Future teachers receive important reading lesson
19 Nov 2019
Future teachers studying Education at USC have returned to primary school as part of an innovative training program focused on improving literacy for children.
The Ready Reading program is an Education Queensland initiative that aims to foster a love of reading in children in Queensland through training community members to support children’s reading by volunteering in schools.
USC Lecturer in Education Dr Carol Smith said while the program was usually aimed at volunteers, it was offered as an extracurricular option to Education students as it aligned well with current subjects at USC and general research recommendations on how best to teach young people to read.
“The Ready Reading program emphasises the essential components for learning to read which is how USC education subjects are delivered to students,” she said.
“Teaching preservice teachers about phonics for example, is part of a learning framework that includes phonological awareness, vocabulary, fluency and comprehension.
“Phonics or letter-sound knowledge is taught in a variety of ways and our students learn through songs, rhymes, and oral language play how to teach children to hear and, in time, manipulate the sounds in words.”
USC’s strong focus on early reading instruction in its literacy courses puts it at the national forefront of training Education students to teach young children how to read.
Dr Smith said the Ready Reading program offered one-off, four-hour training sessions and, once completed, participants were placed in a school of their choice to practise their skills under the supervision of a classroom teacher.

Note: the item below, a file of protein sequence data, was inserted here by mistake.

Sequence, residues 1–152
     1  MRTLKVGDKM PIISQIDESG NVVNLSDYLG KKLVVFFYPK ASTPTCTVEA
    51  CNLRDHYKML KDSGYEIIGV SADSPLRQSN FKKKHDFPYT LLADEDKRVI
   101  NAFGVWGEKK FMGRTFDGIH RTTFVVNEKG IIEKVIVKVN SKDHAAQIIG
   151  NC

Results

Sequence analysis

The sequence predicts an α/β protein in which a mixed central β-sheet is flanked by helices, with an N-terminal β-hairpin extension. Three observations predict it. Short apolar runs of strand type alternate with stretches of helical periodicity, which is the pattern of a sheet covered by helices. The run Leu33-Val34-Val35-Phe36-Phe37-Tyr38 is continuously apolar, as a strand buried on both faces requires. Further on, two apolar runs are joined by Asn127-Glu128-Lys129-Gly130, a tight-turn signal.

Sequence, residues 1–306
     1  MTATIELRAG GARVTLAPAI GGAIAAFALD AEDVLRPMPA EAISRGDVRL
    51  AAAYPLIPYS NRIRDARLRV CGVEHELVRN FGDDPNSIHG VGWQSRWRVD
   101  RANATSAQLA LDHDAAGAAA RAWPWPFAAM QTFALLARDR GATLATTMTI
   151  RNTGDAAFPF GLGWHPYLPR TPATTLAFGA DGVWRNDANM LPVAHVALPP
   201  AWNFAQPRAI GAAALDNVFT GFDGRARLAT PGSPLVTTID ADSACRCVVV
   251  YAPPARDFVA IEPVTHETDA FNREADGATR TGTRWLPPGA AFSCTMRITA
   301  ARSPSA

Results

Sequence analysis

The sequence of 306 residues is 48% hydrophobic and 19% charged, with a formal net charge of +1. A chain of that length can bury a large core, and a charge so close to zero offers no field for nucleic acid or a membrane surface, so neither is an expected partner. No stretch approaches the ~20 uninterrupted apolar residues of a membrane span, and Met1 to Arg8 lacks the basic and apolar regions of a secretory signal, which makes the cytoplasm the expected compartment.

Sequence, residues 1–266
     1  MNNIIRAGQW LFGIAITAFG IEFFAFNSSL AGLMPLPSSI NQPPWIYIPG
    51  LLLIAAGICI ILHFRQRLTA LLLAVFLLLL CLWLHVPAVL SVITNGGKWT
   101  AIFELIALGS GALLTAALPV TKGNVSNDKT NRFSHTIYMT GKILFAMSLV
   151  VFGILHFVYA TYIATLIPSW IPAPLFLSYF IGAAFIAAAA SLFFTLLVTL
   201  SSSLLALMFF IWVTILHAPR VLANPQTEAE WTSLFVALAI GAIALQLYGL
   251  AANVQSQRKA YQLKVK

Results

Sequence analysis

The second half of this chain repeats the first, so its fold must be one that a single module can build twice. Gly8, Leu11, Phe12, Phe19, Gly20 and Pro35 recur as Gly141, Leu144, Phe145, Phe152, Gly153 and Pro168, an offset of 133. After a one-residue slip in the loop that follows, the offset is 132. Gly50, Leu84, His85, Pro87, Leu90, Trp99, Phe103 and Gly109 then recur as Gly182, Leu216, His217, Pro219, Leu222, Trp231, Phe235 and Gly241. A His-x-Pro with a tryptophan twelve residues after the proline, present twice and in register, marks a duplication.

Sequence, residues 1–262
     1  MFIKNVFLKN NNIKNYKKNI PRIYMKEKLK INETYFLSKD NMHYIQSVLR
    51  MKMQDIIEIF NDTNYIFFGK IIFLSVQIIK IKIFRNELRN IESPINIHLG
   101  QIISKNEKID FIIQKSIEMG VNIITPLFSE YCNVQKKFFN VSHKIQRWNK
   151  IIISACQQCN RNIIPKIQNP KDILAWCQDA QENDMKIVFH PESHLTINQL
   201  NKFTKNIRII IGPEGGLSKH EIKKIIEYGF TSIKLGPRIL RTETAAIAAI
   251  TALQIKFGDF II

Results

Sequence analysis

“Many of the 36 students who completed the program have commented on how great it has been to have an Education Queensland program align with what they’re learning at university,” she said.
“For our preservice teachers this offers them an opportunity, on top of their practical placements, to go into a school well prepared in an environment that affirms everything they’ve already been taught in their lectures,” she said.
Dr Smith said reading and writing sessions conducted with the children from Siena Catholic College each year are a pivotal part of the learning framework for USC students.
“It is from these sessions that our students recognise the differences in children’s abilities to process information as they read and write and each year, we hear of USC students’ ‘light bulb’ moments in witnessing the different ways in which a child learns,” she said.
“The Ready Reading program further emphasises these important lessons for our future teachers.”
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